Editor’s Note: Go,See,Talk presents this Top 10 post from our guest contributing writer Bill Graham. Writing for movie blogs like The Film Stage and Collider.com, Bill has seen many of this year’s high profile and most anticipated films. In the coming weeks Bill will be writing for Go,See,Talk as a contributing writer but for now have a look at what he had to say abou the best and worst of 2011.
A documentary I cannot wait to see again, this is one that no one seems to have seen with me which is truly a shame; an awe-inspiring tearjerker that makes you live for the highs and the lows.
I was going to put Drive here, but I don’t think it will gain a large audience on home video. However, I do think Fright Night will. Accessible, humorous, devious, and action-packed, this is a smart remake that oddly found little life at the theaters—so much so that it made less money than Drive. At least no one will sue them for falsely (eye-roll) representing the film in advertisements.
This film has script problems galore, yet was incredibly entertaining and funny—oh, and Brad Bird rocks.
The director of IRON MAN takes on a genre mash-up of aliens and cowboys, including Harrison Ford, Daniel Craig, and Olivia Wilde, yet managed to make me simply sigh when it was all over. Had a box office to prove that audiences weren’t intrigued, either.
In the hands of someone not so devoted to the oddities and styling that Joe Wright focuses on while turning a blind eye to character development, this could have been highly recommendable in every way. Instead, I enjoyed the adventure and the quirks, but it just didn’t last as a memory: I nearly forgot the film came out this year.
TIE: One film exists because the first was utterly hilarious. The other exists for no reason whatsoever. A second Hangover was bound to make money. A film about rock-alien-crab-creatures terrorizing two astronauts was no guarantee. And yet, here they both are on my list. I was a constant supporter of the idea of a second Hangover. More of this gang’s crazy antics? Sign me up. Does the premise sound similar? Don’t fix what isn’t broken! But clearly, for anyone that had to wade through the rehashed scenarios in a different locale over and over, it was broken.
I went in eager to laugh, and I did, but I also had to laugh at the fact that they suckered me into watching the same film that wasn’t nearly as funny and loads more crass. Like those pictures at the end of the first film—played out as a sequel. Yuck. Oh, and let’s not forget Apollo 18, a film so devoid of anything happening that I struggle to piece together why I thought I should see it in the first place. I complained that the film lacked a fear you could relate to. The forest is naturally scary. A house that creaks and moans will drive you batty. “Perhaps the film is scary for astronauts?” my friend James quipped as we rode the elevator after the film. An astronaut, I am not!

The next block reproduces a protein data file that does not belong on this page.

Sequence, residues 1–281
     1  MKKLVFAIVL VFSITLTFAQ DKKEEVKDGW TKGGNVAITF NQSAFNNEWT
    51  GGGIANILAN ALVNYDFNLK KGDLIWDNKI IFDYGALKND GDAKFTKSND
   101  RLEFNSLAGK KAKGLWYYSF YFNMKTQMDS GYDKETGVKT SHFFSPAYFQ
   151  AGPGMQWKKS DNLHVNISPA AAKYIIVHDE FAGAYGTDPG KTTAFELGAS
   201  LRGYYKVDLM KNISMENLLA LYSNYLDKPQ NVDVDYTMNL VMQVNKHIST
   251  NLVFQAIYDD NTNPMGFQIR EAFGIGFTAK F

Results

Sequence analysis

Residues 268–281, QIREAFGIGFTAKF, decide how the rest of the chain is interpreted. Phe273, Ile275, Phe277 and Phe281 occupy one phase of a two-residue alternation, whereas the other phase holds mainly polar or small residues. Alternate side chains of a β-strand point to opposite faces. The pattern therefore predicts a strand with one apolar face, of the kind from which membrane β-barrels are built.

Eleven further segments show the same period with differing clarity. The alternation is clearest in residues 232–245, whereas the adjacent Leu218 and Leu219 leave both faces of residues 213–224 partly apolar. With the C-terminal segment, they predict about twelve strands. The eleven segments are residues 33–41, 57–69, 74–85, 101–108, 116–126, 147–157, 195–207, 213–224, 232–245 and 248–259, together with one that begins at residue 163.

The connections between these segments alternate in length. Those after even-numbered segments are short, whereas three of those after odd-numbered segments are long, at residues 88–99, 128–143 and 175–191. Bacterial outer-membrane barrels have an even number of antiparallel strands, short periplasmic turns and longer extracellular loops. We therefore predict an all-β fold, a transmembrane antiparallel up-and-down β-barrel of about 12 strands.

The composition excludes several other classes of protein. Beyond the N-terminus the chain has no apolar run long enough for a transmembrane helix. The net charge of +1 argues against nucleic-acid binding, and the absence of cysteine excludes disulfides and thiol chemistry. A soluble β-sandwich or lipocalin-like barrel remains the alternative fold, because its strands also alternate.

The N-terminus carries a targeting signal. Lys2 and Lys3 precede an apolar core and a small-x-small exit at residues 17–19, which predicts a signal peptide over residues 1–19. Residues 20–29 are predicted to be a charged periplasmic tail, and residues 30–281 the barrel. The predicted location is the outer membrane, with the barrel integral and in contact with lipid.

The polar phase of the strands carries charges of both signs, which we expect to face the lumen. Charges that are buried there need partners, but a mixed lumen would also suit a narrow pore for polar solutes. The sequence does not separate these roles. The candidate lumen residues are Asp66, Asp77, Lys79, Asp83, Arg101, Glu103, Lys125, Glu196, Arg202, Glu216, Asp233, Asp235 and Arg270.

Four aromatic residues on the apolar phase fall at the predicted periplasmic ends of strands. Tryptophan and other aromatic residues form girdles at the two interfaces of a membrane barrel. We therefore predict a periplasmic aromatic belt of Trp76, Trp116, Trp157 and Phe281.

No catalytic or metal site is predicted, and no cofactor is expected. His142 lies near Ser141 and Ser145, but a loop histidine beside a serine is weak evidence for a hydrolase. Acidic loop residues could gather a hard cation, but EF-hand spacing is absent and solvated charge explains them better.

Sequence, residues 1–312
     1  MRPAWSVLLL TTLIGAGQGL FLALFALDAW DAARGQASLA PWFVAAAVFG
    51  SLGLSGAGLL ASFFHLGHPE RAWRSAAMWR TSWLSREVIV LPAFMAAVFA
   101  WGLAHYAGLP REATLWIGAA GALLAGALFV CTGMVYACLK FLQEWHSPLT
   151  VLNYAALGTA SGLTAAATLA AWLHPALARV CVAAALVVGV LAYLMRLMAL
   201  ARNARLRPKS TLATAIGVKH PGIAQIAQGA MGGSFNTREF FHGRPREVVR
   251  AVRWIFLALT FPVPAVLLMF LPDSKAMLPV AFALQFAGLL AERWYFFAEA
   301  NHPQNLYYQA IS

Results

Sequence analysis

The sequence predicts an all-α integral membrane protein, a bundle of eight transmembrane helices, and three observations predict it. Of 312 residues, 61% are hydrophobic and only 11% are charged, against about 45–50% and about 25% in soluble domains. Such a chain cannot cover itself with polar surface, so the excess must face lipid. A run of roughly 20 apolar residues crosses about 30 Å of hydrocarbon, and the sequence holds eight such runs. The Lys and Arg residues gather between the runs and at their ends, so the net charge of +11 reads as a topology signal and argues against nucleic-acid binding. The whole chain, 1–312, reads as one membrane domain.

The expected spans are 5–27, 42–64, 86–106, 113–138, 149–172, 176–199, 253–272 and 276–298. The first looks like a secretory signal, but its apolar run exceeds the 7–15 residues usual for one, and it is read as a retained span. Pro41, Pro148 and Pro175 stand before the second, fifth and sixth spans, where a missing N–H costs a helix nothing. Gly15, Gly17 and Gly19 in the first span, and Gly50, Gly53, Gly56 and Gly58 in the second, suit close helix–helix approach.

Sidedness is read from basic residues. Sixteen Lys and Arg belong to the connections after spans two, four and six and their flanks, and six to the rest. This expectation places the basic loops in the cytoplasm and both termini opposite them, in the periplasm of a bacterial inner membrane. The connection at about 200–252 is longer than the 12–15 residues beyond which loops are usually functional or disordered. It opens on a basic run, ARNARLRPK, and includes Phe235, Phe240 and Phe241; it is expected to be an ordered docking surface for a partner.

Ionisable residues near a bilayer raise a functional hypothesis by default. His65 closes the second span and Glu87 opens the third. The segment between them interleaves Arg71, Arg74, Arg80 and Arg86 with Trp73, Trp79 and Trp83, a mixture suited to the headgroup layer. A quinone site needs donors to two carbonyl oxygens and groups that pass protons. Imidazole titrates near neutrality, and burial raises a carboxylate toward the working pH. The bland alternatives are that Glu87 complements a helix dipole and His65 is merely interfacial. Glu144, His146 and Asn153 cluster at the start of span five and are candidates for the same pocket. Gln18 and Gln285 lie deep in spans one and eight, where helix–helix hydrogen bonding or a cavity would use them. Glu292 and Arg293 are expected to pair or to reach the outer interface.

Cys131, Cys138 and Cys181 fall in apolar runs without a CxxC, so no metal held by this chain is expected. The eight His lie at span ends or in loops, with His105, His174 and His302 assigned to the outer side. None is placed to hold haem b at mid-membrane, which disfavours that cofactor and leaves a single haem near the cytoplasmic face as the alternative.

Joe Cornish makes a thrilling, hilarious, vicious romp with some nasty “gorilla–wolf motherfuckers” invading on the wrong turf of a gang of teens in the UK. A throwback to horror classics like Tremors, this is one film I want to watch over and over.
Motion capture has become incredibly complex, and yet there is a definite lack of appreciation for artists like Serkis that deliver incredible performances and relay emotions without a single word. The human characters in the film were as flat as cardboard, but Serkis’ Caesar was what drew in audiences in droves. Let’s also be honest: performances can be made in the editing room on live-action films as well. Isn’t part of movie magic about what you actually see on screen?
Before I saw this, I still thought the original was Dreamworks’ high-point in animation, but no more: bigger in every way, this is a hilariously stupid slapstick comedy.
While modern blockbusters are busy going to IMAX and 3D, writer/director Michel Hazanavicius’ black and white silent film scaled back the grandeur and focused on characters, story, and acting of a nature few can single out during all of the noise in modern film.